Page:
UBC Theses and Dissertations
The effects of acid mine drainage at Britannia Beach, B.C., on fucus gardneri and associated intertidal algae Marsden, Allan Dale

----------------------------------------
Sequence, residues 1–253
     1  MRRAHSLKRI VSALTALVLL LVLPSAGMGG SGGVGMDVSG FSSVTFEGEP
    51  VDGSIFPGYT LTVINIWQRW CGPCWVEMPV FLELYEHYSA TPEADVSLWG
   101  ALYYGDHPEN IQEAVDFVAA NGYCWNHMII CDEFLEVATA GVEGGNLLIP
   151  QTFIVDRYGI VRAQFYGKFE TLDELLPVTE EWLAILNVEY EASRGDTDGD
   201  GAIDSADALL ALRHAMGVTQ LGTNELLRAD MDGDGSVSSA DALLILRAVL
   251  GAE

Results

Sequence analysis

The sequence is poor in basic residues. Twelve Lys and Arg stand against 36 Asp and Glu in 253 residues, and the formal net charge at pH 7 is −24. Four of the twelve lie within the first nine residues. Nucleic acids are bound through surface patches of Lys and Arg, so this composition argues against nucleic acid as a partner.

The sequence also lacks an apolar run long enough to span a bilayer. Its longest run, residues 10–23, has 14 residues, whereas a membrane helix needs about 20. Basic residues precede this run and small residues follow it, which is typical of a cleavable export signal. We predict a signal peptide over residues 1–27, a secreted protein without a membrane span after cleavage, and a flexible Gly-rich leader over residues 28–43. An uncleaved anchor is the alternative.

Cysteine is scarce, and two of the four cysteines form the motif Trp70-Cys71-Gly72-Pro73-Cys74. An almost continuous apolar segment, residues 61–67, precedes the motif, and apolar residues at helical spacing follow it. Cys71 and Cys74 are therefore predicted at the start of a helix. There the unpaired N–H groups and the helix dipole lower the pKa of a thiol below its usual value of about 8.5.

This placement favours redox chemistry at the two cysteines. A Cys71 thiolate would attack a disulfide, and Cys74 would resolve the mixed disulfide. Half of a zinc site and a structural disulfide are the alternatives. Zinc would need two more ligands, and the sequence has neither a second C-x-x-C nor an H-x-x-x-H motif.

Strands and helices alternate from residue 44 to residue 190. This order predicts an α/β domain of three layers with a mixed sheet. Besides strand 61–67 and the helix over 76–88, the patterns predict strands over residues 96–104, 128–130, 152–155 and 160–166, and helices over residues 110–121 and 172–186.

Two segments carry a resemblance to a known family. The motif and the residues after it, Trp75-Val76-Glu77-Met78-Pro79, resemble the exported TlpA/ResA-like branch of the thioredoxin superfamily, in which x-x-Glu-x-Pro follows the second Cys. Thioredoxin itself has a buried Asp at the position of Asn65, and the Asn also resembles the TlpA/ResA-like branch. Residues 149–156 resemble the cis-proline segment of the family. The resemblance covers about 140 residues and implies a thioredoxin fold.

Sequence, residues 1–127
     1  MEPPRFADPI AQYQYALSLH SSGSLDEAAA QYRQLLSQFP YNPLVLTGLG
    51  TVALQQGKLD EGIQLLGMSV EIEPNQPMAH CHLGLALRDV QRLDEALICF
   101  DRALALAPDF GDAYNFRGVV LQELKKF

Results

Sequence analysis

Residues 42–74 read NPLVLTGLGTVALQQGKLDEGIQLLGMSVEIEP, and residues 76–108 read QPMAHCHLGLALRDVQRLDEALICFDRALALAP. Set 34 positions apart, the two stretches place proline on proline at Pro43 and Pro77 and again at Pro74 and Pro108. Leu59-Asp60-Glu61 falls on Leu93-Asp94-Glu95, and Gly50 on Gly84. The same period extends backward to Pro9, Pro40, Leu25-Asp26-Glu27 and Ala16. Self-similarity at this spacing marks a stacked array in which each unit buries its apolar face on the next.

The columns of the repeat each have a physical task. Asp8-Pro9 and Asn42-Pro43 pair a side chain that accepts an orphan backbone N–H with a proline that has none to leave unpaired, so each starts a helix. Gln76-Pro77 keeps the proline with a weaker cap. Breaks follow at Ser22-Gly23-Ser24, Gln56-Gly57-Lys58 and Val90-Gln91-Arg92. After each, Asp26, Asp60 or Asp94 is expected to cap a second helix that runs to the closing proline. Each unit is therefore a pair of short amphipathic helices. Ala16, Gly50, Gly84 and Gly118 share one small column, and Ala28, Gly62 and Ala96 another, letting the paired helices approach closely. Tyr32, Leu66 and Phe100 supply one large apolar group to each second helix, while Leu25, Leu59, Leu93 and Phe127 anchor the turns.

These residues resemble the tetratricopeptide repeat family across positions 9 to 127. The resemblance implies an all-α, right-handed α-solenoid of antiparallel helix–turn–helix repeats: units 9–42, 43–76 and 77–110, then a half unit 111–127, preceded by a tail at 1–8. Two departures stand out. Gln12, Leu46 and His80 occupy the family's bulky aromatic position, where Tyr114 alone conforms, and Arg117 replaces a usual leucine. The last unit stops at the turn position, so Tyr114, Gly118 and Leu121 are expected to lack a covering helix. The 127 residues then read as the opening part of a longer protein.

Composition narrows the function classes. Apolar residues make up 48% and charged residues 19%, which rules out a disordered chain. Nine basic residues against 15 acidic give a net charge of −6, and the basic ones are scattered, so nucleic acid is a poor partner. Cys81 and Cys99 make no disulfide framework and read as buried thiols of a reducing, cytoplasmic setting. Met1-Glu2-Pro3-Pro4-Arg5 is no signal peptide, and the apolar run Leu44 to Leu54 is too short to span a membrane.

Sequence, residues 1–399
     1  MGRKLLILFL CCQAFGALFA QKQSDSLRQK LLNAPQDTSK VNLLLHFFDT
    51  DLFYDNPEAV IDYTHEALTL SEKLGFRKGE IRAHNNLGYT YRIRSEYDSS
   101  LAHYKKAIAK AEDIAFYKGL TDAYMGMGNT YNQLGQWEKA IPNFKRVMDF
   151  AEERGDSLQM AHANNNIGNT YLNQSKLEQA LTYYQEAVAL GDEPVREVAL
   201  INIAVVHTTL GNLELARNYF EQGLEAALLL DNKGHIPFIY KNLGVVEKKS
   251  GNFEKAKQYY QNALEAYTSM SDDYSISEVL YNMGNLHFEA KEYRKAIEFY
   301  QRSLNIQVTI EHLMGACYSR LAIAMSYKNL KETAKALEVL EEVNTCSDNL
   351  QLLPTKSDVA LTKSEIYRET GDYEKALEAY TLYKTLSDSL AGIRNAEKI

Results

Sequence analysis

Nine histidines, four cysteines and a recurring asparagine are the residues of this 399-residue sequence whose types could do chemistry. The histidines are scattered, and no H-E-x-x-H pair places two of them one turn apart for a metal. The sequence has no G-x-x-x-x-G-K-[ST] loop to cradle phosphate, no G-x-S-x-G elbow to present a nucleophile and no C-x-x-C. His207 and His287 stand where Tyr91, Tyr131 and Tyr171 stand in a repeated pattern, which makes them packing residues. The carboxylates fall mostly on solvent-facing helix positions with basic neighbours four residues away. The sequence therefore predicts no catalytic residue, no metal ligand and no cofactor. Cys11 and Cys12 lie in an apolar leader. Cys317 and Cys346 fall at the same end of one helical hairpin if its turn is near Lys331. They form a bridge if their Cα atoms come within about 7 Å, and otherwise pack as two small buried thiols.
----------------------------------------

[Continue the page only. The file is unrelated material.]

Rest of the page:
Copper ore was extracted from Britannia Mine, British Columbia, Canada, from 1902 until the mine ceased operations in 1974. Rain, snowmelt and groundwater now percolate through the mine tunnels, producing an acidic solution of dissolved metals known as Acid Mine Drainage (AMD). A portion of the AMD from the mine flows into Britannia Creek, which in turn flows into Howe Sound, 50 km north of Vancouver, B.C. This study examined the effects of this effluent on the distribution of intertidal macroalgae with a focus on Fucus gardneri Silva, a seaweed which thrives 2 km from the mouth of Britannia Creek but is absent from the shore near the Creek. F. gardneri provides habitat and food for benthic invertebrates, which are a major food source for chum salmon fry and chinook salmon fry and smolts. Algal communities were quantified at 7 intertidal stations to the north and south of the mouth of Britannia Creek and at 6 similar stations at nearby Furry Creek, a reference site. Algal cover was almost non-existent within 200 m of the mouth of Britannia Creek, and F. gardneri was completely absent on the 600 m of shoreline south of Britannia Creek and on 1000 m of shoreline north of the same Creek. There was, however, a heavy cover of filamentous green algae, mainly Enteromorpha compressa (L.) Link, at sites 300 m and 700 m south and north of Britannia Creek, respectively, suggesting that these algae can better tolerate AMD. Experimental work consisted of transplanting F. gardneri-covered cobbles from a control site to Britannia Beach and monitoring the plants' growth, survivorship and copper content. In five experiments conducted from June 1997 to November 1998, plants moved to within 100 m of Britannia Creek generally had lower survivorships and lower growth rates than plants at the control site, as well as higher tissue copper concentrations. Survivorship and growth rates of plants moved to areas farther from Britannia Creek (300-700 m) were not significantly different from control plants.
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